Okay We use cookies on our website so that we can make sure you find the information you need in the most simple way. By continuing you accept these cookies. Find out more about cookies and how we use them.

Successful prosecution by Severn Trent Water

Are you a customer in need of assistance?

customer in need of assistance

Need assistance block text

If you have an emergency or a billing enquiry, check out our help & contacts section for answers to frequently asked questions. 

Alternatively email us your query or phone us using the numbers below.

  • Emergencies (24hrs)0800 783 4444
  • Billing enquiries (8am – 8pm)03457 500 500

Media contacts

Media contacts block text

If you are a journalist with a media enquiry please contact our press team, using the contact details below.


Press office main number02477 715640

20th December 2012

Successful prosecution by Severn Trent Water

Premier Foods Group Limited, the UK’s largest food producer, has been fined £15,000 for exceeding legal limits in the amount of trade effluent it discharged into Severn Trent Water’s sewer system. The company has also been ordered to pay legal costs of £5,106.18.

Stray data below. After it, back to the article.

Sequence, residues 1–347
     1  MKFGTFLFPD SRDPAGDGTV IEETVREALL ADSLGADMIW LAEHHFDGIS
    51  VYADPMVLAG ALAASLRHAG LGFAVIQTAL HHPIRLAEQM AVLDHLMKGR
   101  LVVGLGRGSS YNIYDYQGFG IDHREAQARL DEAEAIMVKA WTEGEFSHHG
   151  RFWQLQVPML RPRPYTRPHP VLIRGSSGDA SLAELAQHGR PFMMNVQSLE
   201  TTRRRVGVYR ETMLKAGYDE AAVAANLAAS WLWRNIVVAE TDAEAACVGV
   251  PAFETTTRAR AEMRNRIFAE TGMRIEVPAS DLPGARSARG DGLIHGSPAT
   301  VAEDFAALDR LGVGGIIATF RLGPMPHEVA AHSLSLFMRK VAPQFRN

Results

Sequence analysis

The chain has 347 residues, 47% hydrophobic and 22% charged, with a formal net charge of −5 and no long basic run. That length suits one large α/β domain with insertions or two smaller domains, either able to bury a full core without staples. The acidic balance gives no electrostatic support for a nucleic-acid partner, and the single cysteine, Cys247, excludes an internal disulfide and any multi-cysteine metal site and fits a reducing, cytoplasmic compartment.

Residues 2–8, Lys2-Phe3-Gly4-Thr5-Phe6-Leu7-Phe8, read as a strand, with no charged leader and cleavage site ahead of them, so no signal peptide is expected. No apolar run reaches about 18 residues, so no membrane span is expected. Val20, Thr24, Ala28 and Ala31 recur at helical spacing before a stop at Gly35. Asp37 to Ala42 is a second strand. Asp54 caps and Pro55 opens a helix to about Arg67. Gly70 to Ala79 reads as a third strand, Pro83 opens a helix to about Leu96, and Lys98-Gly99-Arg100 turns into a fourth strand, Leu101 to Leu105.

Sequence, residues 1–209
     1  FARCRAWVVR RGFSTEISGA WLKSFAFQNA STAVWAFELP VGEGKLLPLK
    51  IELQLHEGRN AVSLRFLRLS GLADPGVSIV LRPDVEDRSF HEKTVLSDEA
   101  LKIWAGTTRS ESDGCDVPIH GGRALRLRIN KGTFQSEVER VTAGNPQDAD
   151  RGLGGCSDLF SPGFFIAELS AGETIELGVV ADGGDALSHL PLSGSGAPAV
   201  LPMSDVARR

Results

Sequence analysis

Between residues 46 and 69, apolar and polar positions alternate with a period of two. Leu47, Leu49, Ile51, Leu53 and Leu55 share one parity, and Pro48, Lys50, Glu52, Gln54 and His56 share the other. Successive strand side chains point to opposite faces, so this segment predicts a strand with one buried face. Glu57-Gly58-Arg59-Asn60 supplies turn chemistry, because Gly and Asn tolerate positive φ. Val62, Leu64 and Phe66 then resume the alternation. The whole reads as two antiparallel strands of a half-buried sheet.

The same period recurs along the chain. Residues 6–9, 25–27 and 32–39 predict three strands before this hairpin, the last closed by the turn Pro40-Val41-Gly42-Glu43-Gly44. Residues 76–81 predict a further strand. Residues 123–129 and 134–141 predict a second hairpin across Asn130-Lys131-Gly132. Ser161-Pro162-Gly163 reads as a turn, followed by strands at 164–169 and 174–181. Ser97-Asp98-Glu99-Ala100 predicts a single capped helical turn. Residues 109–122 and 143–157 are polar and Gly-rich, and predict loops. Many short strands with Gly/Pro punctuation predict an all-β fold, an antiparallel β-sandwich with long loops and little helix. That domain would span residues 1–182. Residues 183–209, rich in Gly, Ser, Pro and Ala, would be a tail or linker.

The case was heard on Wednesday 19 December, at Worksop Magistrates Court, following prosecution by Severn Trent Water for breaches of the Water Industry Act 1991. On 29 November 2011 effluent discharged into the sewer by Premier Food Group Ltd at Worksop, was found to be 26 times above the permitted limit for chemical oxygen demand and 23 times the permitted limit for suspended solids.  

Simon Cocks, waste water services director for Severn Trent Water, commented:

“The limits we set to regulate trade discharges are calculated to ensure they do not adversely affect the capacity of our sewage works to efficiently treat sewage. So exceeding these limits is not only illegal; it can damage the sewage treatment process and risk causing harm to the environment.

“In addition, our customers are paying for damage to the sewer network and sewage works caused by these kind of incidents, so it’s important that we hold companies to account in appropriate cases and take action to recover costs where possible.”

“However, rather than having to take action in court, we would prefer to work together to prevent any breaches occurring in the first place’’.

You may also be interested in...